Monday, March 3, 2014

"Vamp 'Til Ready..."

I have fallen behind in my posting schedule, thus the above title, which I will explain shortly. My excuse, aside from the large hippo named Procrastination, is that we are busy planning our daughter's wedding at the end of March, or rather I am observing that activity and warming up the checkbook. Such a happy event inevitably can lead to loss of focus on regular matters.

I learned of the phrase "Vamp 'Til Ready..." in December 1965. At the time I was serving as Assistant  Manager of the first recital series produced by Lincoln Center. It was  called "Great Performers at Philharmonic Hall"  (now called Avery Fisher Hall).  The series featured some great artists, such as soprano Birgit Nilsson, violinist Yeheudi Menuhin and the phenomenal pianist Martha Argerich in her American debut.  We also included non-classical musicians, namely Joan Baez and Duke Ellington.

Ellington is the center of this story, although I have a good one about Ms. Baez that I might get to another day. Edward "Duke" Ellington (1899-1974) was one of the great jazz performers and composers in our musical history. In discussions with his office we asked if he would be willing to write an original composition for the performance. He agreed.

One of my jobs was to prepare information for each concert's printed program and so I needed to know the name of his composition. I was told only the Duke had that information and that I could talk to him on a certain day between the hours of 2 and 3 a.m. He was clearly a night person, which I was, and am, not. I reached him on the phone and asked for the title. There was a pause and he indicated he hadn't given it much thought. I pressed him (as much as I could at age 24 and in the wee hours of the morning) and he finally gave it to me, almost in the form of suggestion.  I admit now I have forgotten it, but it was something like a "Study in _________," - a bit nondescript.

Another job I had was to look after the artists the day of their performances, and any rehearsal before. Ellington declined  a  rehearsal so the first time I met him was about 45 minutes before the 3 p.m. "curtain." I went to his dressing room and found him there, still informally dressed, seated at a spinet piano with about six of his band members in the room as well. Importantly, also present was his longtime arranger and collaborator Billy Strayhorn. Duke was playing musical lines on the piano and a number of the men were transcribing  notes onto part manuscripts. Strayhorn would offer suggestions  as well as  joining  in the transcription task. Periodically a musician would stand  up and wave his part in the sir to dry the ink.

Clearly I was watching a composition in the final making, only 30 minutes before the concert's start. I don't remember if I broke into a sweat, but nervous is an understated  description of my state.  I checked back every ten minutes or so, found the same activity and finally caught Ellington's eye and tapped my wristwatch. He gave me  a benevolent smile and went back to work.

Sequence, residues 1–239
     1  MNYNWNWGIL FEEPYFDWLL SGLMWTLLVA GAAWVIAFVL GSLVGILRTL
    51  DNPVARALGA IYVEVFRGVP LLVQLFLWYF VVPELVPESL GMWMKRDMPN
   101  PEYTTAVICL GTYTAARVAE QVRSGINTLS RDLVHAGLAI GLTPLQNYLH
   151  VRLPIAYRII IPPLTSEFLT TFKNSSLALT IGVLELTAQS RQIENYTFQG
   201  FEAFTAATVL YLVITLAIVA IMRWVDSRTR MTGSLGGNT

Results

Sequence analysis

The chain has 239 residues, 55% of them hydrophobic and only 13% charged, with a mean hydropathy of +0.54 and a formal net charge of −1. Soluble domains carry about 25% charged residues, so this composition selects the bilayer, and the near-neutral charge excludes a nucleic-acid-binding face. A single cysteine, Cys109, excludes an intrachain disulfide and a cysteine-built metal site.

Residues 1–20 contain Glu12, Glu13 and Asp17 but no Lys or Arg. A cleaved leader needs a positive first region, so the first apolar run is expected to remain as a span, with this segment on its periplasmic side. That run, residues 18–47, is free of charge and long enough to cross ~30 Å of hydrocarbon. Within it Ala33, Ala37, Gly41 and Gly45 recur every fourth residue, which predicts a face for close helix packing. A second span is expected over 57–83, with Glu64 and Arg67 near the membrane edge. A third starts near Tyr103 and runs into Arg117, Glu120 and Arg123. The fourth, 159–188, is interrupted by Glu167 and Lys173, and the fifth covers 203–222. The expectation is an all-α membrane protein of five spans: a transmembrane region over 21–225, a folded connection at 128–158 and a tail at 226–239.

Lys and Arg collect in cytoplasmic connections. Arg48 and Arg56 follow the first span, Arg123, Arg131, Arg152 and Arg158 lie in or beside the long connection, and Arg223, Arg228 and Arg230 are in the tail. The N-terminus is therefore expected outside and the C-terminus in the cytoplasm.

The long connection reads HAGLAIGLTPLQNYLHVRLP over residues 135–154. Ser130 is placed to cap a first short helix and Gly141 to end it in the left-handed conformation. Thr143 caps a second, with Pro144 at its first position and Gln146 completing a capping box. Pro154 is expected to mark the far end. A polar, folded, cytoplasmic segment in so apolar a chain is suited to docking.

The witching hour of  3 p.m. arrived. Still wavings of music manuscript in the air. At 3:10 - now quite desperate - I got the Duke's ear, reminded him of the time and asked his advice of what I should do. He said calmly "Come back in 10 minutes." By this time there was evidence of audience impatience. I returned to the dressing room as  instructed, found some men still scribbling but this time Ellington was dressed. He said "Let's go" and he and I - no other musicians -  descended in the elevator to the stage level.

A stagehand was ready to open the door to the stage, bare except for a grand piano and seats and stands for the musicians. As the door was opening I asked the Duke- by the way a most charming and polite man, - what he was going to do. "Oh," he said,  "I'll just vamp 'til ready."

So he did, "vamping" meant improvising at the piano or noodling. He also talked some to  the audience. Maybe 15 minutes passed and then the door opened and the 10 members of the band came on stage, carrying their now dry scores of the original composition. Of course Ellington standards, such as  "Take The A Train" were also played. The concert was a great success.

So I hope you didn't mind if, with this story, I have vamped until my next post about nonprofit issues is ready. 'Til then...

1 comment:

  1. A totally engaging story. The kind of remarkable moment with a remarkable personality that young, up-and-coming, shining-star arts administrators are likely to have in their bag of fond memories. All the more poignant now that said youngster is sharing the wisdom of 5 decades of remarkable senior experience and mastery in the field. As for this reader, one instance a life's-lesson story such as this is worth a thousand blog postings of the troubles facing arrogant and self-indulgent urban arts institutions. I'm on the edge of my seat waiting for the Baez story when it's posted! Bravo, Geoff. Encore! Encore!